Britain, by allowing them representatives in parlia-
ment; and Franklin
replied, that unity of government should be followed by a real unity of country; that it would not be acceptable, unless a reasonable number of representatives were allowed, all laws restraining the trade or the manufactures of the colonies were repealed, and England
ceasing to regard the colonies as tributary to its industry, were to foster the merchant, the smith, the hatter, in America
not less than those on her own soil.
Unable to move Franklin
from the deeply-seated love of popular liberty and power which was at once his conviction and a sentiment of his heart, Shirley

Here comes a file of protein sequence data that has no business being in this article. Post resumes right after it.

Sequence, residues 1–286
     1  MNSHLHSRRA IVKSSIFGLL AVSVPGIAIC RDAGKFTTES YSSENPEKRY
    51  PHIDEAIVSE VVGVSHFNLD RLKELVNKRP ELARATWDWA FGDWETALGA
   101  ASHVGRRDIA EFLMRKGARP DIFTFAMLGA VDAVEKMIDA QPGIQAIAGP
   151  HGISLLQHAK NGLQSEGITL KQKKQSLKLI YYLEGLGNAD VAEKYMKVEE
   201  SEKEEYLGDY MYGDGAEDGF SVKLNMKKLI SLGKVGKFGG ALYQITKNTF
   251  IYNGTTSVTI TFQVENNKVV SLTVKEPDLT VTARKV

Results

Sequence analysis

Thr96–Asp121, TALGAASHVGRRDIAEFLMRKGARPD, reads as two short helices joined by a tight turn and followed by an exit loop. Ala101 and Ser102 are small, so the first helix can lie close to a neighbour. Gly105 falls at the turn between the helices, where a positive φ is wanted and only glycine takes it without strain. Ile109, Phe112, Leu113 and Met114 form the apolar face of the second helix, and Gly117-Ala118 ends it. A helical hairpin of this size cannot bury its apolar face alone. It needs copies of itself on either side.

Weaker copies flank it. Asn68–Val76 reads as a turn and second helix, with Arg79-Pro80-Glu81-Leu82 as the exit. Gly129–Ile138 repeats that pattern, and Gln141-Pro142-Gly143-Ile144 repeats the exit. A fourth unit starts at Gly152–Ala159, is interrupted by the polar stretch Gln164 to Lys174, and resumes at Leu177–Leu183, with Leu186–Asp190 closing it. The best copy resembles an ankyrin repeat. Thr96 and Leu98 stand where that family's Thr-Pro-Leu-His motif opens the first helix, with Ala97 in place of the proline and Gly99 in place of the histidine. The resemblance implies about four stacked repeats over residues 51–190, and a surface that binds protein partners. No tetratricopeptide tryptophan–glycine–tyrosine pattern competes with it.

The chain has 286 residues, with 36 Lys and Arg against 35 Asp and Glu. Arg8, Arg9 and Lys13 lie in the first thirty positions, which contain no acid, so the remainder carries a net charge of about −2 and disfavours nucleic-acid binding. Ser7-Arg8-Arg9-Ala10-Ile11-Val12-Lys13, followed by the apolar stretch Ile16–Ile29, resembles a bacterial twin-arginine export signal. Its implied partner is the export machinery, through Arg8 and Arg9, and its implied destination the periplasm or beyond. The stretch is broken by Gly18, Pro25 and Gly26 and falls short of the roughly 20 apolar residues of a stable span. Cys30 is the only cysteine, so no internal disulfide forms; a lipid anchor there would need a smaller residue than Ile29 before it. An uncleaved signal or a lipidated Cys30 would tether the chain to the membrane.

turned towards the Secretary of State
, and renewed his representations of the necessity of a union of the colonies, to be formed in England
and enforced by act of parliament.
At the same time he warned against the plea of Franklin
in behalf of the Albany
plan, which he described as the application of the old charter system, such as prevailed in Rhode Island
, to the formation of an American confederacy.1
The system, said he, is unfit for ruling a particular colony; it seems much more improper for establishing a general government over all the colonies to be comprised in the union.
The prerogative is not sufficiently secured by the reservation to the crown of the appointment of a President of the Union
with a negative power on all acts of legislation.
As the old charter governments subjected the prerogative to the people, and had little or no appearance